Wolters Kluwer Reveals Lenders’ Top Compliance Concerns For 2015

Posted by Patrick Barnard on January 12, 2015 No Comments
Categories : Residential Mortgage

The Consumer Financial Protection Bureau's (CFPB) new integrated disclosure rules as well as new reporting requirements under the Home Mortgage Disclosure Act (HMDA) are among the top compliance concerns for lenders in 2015, according to a recent report from Wolters Kluwer Financial Services.

The new integrated disclosures – also known as the new Truth in Lending Act and Real Estate Settlement Procedures Act rules – present unprecedented changes that will impact lenders' entire mortgage operations, including business processes, technology, policies and procedures, vendor relationships, employee readiness and customer service, Wolters Kluwer says in its report. Violation of these new rules could result in significant fines and penalties, as well as in regulatory and reputational risks for lenders.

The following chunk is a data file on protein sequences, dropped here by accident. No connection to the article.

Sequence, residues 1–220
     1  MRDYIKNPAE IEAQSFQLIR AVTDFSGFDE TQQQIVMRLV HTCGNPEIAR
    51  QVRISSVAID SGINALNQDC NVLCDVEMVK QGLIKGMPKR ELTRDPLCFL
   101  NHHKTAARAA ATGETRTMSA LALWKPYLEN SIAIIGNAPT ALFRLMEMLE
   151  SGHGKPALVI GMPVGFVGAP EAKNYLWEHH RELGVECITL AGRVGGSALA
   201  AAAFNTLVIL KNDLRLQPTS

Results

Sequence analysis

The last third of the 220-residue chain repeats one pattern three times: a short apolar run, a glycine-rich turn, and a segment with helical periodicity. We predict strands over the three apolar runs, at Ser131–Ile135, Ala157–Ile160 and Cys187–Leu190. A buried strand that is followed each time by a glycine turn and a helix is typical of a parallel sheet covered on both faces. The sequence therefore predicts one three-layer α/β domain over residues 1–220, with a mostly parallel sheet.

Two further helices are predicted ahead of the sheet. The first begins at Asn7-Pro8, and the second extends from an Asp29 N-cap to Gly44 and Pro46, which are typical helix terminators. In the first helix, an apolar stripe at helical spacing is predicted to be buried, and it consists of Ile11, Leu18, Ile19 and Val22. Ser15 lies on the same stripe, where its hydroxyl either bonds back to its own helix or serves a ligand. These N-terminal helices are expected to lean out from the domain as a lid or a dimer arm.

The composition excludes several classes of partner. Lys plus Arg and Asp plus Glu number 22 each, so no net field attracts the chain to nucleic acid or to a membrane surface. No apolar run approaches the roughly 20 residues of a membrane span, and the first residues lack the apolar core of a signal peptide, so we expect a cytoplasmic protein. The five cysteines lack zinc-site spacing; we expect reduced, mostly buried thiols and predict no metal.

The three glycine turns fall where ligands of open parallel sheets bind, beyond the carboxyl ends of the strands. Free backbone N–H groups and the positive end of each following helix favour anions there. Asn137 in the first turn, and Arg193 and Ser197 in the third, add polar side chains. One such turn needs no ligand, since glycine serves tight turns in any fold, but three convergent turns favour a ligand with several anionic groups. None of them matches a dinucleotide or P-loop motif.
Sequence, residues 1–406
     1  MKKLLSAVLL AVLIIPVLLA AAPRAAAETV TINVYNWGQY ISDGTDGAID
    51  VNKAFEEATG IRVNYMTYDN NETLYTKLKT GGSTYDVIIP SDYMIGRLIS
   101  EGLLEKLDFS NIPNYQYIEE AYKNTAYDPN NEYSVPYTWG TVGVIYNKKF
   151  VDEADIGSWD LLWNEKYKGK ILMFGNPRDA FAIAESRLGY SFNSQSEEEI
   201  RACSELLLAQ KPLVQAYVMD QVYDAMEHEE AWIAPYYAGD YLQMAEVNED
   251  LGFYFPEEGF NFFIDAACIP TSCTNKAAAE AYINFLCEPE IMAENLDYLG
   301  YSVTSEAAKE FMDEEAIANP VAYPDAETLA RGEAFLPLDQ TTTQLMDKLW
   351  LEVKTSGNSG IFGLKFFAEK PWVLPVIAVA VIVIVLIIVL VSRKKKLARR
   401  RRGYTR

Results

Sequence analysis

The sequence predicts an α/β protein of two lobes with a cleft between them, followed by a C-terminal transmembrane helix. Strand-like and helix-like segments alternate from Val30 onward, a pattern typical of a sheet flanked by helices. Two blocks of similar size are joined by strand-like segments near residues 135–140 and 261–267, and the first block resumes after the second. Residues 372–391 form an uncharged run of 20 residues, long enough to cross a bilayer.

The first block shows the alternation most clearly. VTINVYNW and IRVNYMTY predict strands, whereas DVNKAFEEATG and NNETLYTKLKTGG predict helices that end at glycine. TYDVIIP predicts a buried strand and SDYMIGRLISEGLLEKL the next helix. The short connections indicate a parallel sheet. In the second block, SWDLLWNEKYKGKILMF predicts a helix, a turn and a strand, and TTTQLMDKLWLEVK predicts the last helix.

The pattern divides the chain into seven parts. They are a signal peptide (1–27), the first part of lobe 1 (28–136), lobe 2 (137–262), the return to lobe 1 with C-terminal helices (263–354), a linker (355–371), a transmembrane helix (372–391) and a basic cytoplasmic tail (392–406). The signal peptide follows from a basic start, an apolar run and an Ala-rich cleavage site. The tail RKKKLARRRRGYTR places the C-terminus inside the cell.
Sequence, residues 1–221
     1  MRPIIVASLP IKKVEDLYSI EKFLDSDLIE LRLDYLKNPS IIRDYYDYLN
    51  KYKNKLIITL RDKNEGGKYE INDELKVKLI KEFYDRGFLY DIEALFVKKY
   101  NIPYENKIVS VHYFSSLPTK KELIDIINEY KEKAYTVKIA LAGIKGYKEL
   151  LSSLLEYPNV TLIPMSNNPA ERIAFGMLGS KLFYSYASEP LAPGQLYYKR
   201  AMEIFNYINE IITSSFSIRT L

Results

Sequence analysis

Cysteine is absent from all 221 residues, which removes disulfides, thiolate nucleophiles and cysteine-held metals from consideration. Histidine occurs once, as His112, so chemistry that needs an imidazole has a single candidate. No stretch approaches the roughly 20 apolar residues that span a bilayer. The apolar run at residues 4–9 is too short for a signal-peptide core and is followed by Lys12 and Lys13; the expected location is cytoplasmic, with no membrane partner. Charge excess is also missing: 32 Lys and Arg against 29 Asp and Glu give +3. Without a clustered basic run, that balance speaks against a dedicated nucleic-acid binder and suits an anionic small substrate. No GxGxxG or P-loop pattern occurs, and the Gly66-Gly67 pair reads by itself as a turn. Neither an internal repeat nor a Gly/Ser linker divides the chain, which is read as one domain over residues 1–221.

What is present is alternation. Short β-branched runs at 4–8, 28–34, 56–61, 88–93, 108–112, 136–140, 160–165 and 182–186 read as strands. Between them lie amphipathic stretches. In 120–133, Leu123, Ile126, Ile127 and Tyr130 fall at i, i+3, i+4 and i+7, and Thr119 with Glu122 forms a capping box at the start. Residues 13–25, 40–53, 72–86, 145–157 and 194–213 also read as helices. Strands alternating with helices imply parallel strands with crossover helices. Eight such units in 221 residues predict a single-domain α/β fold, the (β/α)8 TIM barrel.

In addition, new reporting requirements under the HMDA will soon be issued, although the final scope and details, along with an implementation date, are still unknown. The addition of new data collection fields and the reporting itself will require significant work for lenders, the report finds.

The other top compliance concerns for lenders in 2015 include the increased scrutiny on mortgage servicing and subservicing operations, including the proposed expansion of the CFPB's servicing rules; heightened scrutiny around bank examinations and, in particular, the push to ensure that boards are fully involved in the oversight of compliance programs; and a general increase in enforcement actions resulting from fair lending risks.

‘We continue to encourage banks to build a thoughtful and comprehensive compliance strategy for 2015,’ says Edward Kramer, executive vice president of regulatory affairs for Wolters Kluwer Financial Services. "The old mantra of 'an ounce of prevention is worth a pound of cure' is more relevant today than ever, as noncompliance increasingly is leading to severe monetary consequences that range from fines and penalties to harsh reputational and regulatory consequences.’

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